The term ‘designer babies’ has been bandied around for some years now, and refers to babies whose genetic make-up has been selected or altered. This could be to eradicate a disease or defect, or it could be to ensure that particular genes are present. The idea has been discussed in science for many years and in science fiction, the concept has been around for much, much longer. The issue, however, is extremely controversial and as science races to meet science-fiction, the debate is becoming a serious one.
Pre-Implantation Genetic Diagnosis
Actually, the concept of ‘designer babies’ is not that far-fetched and already, doctors and scientists use some form of gene-selection during in-vitro fertilization (IVF) treatments. Pre-implantation genetic diagnosis, or PGD, refers to the practice of screening IVF embryos both for disease and for gender selection. Using this process, scientists can remove the defective mitochondria (the ‘powerhouse’ of cells) from an embryo and replace it with healthy mitochondria from a donor egg, and in this way they can effectively ‘design’ babies without certain diseases. Of course, the process doesn’t work for all diseases, and they can actually use this process for non-medical preferences too, such as the gender of the resulting child. Both forms of PGD are currently legal in the US, although the American Congress of Obstetricians and Gynecologists frowns upon the latter use, arguing that by allowing parents to choose the gender of their child, we run the risk of increasing sex discrimination.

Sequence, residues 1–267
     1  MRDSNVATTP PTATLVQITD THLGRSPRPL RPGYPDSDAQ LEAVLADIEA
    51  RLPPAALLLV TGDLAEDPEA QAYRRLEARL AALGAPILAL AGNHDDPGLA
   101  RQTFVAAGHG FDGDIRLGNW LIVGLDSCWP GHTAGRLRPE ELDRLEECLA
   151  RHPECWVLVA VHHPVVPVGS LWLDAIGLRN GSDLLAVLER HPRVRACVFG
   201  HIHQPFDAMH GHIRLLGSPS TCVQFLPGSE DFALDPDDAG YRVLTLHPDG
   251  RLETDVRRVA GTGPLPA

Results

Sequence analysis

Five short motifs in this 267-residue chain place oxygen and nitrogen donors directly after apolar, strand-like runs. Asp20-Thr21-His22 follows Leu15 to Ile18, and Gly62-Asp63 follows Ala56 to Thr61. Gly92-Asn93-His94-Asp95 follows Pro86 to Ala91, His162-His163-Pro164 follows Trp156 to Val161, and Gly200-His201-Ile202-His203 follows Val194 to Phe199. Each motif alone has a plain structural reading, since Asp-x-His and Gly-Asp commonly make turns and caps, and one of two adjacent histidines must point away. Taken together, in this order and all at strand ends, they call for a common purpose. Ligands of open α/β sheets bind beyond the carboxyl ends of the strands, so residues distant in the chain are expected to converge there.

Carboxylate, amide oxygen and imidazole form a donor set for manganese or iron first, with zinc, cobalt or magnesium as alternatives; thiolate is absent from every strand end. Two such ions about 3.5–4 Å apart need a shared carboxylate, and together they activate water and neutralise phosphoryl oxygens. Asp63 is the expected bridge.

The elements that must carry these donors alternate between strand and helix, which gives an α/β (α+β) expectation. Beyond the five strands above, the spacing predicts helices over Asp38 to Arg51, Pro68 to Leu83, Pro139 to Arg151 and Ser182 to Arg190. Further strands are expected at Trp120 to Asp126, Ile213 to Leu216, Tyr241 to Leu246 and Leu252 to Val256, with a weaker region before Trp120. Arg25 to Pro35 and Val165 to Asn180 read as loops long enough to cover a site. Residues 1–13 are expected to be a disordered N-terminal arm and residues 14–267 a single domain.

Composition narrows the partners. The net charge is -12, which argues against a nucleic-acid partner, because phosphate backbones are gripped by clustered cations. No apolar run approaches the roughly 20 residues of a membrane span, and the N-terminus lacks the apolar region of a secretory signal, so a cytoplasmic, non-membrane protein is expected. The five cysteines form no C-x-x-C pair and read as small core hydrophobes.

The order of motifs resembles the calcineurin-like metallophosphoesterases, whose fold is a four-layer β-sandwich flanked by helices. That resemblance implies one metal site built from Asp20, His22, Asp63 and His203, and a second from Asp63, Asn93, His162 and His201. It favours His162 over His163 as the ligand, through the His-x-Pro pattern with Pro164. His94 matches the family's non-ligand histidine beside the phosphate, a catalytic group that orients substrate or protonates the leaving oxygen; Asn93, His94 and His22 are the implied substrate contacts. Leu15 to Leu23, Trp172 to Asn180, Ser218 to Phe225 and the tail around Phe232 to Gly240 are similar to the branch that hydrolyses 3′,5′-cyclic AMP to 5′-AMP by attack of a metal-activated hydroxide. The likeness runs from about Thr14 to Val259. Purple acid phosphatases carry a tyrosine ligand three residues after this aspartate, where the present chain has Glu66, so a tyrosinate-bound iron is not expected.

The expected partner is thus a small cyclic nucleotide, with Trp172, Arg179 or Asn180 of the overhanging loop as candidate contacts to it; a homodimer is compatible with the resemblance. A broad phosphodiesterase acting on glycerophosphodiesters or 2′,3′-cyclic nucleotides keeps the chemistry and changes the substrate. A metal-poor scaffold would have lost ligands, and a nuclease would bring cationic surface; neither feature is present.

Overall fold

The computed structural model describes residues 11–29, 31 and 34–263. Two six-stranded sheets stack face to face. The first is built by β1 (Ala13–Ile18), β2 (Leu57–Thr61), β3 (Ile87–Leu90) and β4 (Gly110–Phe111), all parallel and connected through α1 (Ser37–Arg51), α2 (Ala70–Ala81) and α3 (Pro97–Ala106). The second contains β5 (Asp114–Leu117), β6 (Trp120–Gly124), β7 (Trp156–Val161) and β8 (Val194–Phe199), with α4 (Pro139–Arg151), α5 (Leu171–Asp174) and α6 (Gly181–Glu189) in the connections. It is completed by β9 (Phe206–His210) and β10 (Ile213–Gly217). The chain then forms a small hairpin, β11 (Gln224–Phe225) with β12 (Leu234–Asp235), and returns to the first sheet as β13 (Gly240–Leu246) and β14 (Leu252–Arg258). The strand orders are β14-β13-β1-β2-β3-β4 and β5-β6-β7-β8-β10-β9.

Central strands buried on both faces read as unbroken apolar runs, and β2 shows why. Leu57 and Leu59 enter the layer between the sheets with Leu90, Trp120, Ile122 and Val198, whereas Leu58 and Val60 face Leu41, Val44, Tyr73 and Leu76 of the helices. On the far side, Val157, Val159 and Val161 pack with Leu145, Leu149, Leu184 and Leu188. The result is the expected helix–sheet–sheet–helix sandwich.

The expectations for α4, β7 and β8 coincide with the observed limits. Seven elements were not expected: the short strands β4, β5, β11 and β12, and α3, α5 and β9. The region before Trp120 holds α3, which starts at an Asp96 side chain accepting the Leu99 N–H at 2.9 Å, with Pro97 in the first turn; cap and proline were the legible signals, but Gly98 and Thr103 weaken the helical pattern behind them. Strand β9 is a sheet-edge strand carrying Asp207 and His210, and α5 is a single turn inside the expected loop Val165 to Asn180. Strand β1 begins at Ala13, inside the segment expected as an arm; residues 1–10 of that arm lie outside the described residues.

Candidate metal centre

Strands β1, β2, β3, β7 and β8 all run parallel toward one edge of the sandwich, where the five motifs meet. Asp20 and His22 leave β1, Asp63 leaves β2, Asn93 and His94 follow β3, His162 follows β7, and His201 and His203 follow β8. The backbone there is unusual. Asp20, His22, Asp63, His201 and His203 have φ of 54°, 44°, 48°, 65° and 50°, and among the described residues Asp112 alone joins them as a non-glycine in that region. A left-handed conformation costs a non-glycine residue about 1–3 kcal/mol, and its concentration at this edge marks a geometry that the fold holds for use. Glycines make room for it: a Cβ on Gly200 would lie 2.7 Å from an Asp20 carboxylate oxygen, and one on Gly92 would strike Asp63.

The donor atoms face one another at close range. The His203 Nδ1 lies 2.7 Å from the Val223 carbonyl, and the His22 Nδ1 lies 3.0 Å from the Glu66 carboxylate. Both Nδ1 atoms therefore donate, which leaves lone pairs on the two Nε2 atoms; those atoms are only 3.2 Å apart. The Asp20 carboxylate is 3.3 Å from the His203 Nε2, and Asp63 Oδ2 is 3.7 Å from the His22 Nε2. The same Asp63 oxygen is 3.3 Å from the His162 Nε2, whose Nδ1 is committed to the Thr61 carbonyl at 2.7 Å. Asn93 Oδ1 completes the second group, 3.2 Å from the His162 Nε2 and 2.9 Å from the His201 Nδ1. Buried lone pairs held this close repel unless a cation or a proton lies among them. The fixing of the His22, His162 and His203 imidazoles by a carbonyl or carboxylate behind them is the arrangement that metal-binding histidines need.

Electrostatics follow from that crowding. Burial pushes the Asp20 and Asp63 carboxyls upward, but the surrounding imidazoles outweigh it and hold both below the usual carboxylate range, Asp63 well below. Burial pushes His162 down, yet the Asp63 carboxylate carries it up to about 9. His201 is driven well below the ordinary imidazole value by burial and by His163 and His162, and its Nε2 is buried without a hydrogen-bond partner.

There is more to come though. Dr. Tony Perry of the University of Bath in the UK was one of the first scientists to clone mice and pigs, and he claims that more in-depth DNA editing is on its way. It won’t be long, he says, until we can pick and choose which parts of our baby’s DNA that we want to cut out and potentially replace with new pieces of gene-code. In fact, it’s already begun. Earlier this year, scientists in China took discarded IVF embryos and began experiments to correct the abnormal gene that causes the blood disorder beta thalassemia. Even though these embryos were due to be destroyed, the experiments incited much controversy. Whilst few would argue against potential disease eradication, this technique could be used to alter healthy genes too and the real question is how far would be too far?